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Do something everyday (2013 Gardens)

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posted on Feb, 13 2013 @ 12:09 PM

With everything we have heard, read and seen on topics such as weather, health and nutrition, it has never been more important to expand or start your gardens for this years crops.

Whether you are growing to enhance your physical well being, preparing for food shortages or just taking time to reconnect with nature and keep that balanced feeling of having your feet firmly planted in the ground amidst a world in change, the time to begin gardening is always now.

It really matters little if you are growing for a family of one or for your extended group, family, neighbors and friends, gardening can be a pleasurable experience and if the age old adage of work smarter not harder is right, then there are things you can be doing 365 days a year to make that possible.

Elderly, disabled, even the physically handicapped can benefit from the pure satisfaction of doing something extraordinary that reaps amazing results in a short period of time. One thing for certain is that everyone has to eat and the pride felt when you use your hands to do God/Nature's work cannot be underestimated.

Gardening is something every age group can do together to form strong bonds, create good memories and lay the foundation for a lifetime of healthy habits and rewarding work ethics.

It is something that never goes without reward whether by eating the delicious food straight off the vine, preparing that first meal together at harvest, or even by learning from our mistakes which in the garden are only opportunities to grow and learn.

Although it can seem a bit overwhelming at the beginning, the first thing to do is to decide what motivates you to grow your own foods and supplements apart from what you buy at the grocery stores.

You can pick up a notebook from the store and make it your first project to write down all the reasons to grow a garden, if you have small children, teenagers, elderly or disabled in the family, sit down together and make it fun!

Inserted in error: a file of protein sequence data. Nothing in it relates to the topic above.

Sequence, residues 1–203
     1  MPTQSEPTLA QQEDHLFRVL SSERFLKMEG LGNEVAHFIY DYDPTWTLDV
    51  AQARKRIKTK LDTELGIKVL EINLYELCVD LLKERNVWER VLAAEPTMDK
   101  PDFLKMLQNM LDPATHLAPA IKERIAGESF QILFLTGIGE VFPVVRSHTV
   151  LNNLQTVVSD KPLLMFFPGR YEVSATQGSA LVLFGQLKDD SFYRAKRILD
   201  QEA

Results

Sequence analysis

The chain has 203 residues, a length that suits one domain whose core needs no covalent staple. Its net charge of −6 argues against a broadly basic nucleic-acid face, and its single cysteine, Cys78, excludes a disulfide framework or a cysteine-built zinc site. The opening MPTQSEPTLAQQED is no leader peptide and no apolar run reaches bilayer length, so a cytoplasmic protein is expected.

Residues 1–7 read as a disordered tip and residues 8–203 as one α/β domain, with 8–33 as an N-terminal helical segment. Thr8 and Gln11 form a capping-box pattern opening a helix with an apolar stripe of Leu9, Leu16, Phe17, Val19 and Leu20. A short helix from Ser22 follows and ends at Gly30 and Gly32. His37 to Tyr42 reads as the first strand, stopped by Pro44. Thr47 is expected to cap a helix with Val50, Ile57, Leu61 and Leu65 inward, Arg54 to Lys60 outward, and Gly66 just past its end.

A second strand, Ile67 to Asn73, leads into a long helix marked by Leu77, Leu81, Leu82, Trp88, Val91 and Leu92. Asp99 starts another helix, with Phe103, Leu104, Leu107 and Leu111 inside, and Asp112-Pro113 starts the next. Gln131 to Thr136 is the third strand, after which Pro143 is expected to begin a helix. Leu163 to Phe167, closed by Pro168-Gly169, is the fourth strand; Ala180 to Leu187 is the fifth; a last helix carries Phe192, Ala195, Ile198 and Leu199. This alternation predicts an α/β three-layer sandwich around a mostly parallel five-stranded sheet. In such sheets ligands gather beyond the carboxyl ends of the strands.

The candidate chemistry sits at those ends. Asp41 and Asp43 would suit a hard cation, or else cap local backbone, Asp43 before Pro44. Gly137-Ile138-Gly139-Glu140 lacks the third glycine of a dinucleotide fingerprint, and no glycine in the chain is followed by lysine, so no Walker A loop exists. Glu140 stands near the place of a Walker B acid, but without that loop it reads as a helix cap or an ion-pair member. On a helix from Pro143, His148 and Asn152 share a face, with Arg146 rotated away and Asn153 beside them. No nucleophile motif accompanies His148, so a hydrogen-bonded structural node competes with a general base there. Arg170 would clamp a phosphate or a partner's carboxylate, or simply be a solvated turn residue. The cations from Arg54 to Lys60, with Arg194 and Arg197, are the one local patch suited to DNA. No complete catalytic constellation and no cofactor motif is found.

If you have some old gardening catalogs laying around or if you are like me getting at least one a week in the mail right now, have the family work together on a collage of ideas, cut out the things that are part of your ideal garden, the things that would be important to you to have in your garden be it vegetable, fruit or flower.

This would be a good time to remind your fellow companion gardeners about the importance of bee's, butterflies and beneficial insects such as the ladybug.

Taking into consideration how much space you will have for your gardens and the amount of time you will have to dedicate to the gardens will be your next step.

Be honest and realistic, and you wont be setting yourself up for failures that could have been avoided. Gardening is a forgiving art if you stick with the basics and plan accordingly.

As you venture into the reality of growing your own, KEEP IT SIMPLE!

Doing something every day towards your goal will not only insure your success, but help you to establish responsible stewardship and garden discipline.

Oops there went that dreaded word, discipline...

True enough, it does take responsibility and dedication to grow a garden. However the plan starts and begins within you and that is a first step towards personal garden responsibility.

Back to the list!

This is an important part of taking those first steps, write down why you have decided to garden, what positive benefits you hope to attain by gardening and you will find you have already witnessed the first growth in the garden, you!

OK so that is it for this segment as I have help right now and need to get some shelves built in my dinning room/grow room.

To recap what has been discussed here so far we need to first make a list of why we chose to grow and then create a garden note book to jot down those ideas and plans for either improving what we already have established or to make new plans for Garden 2013.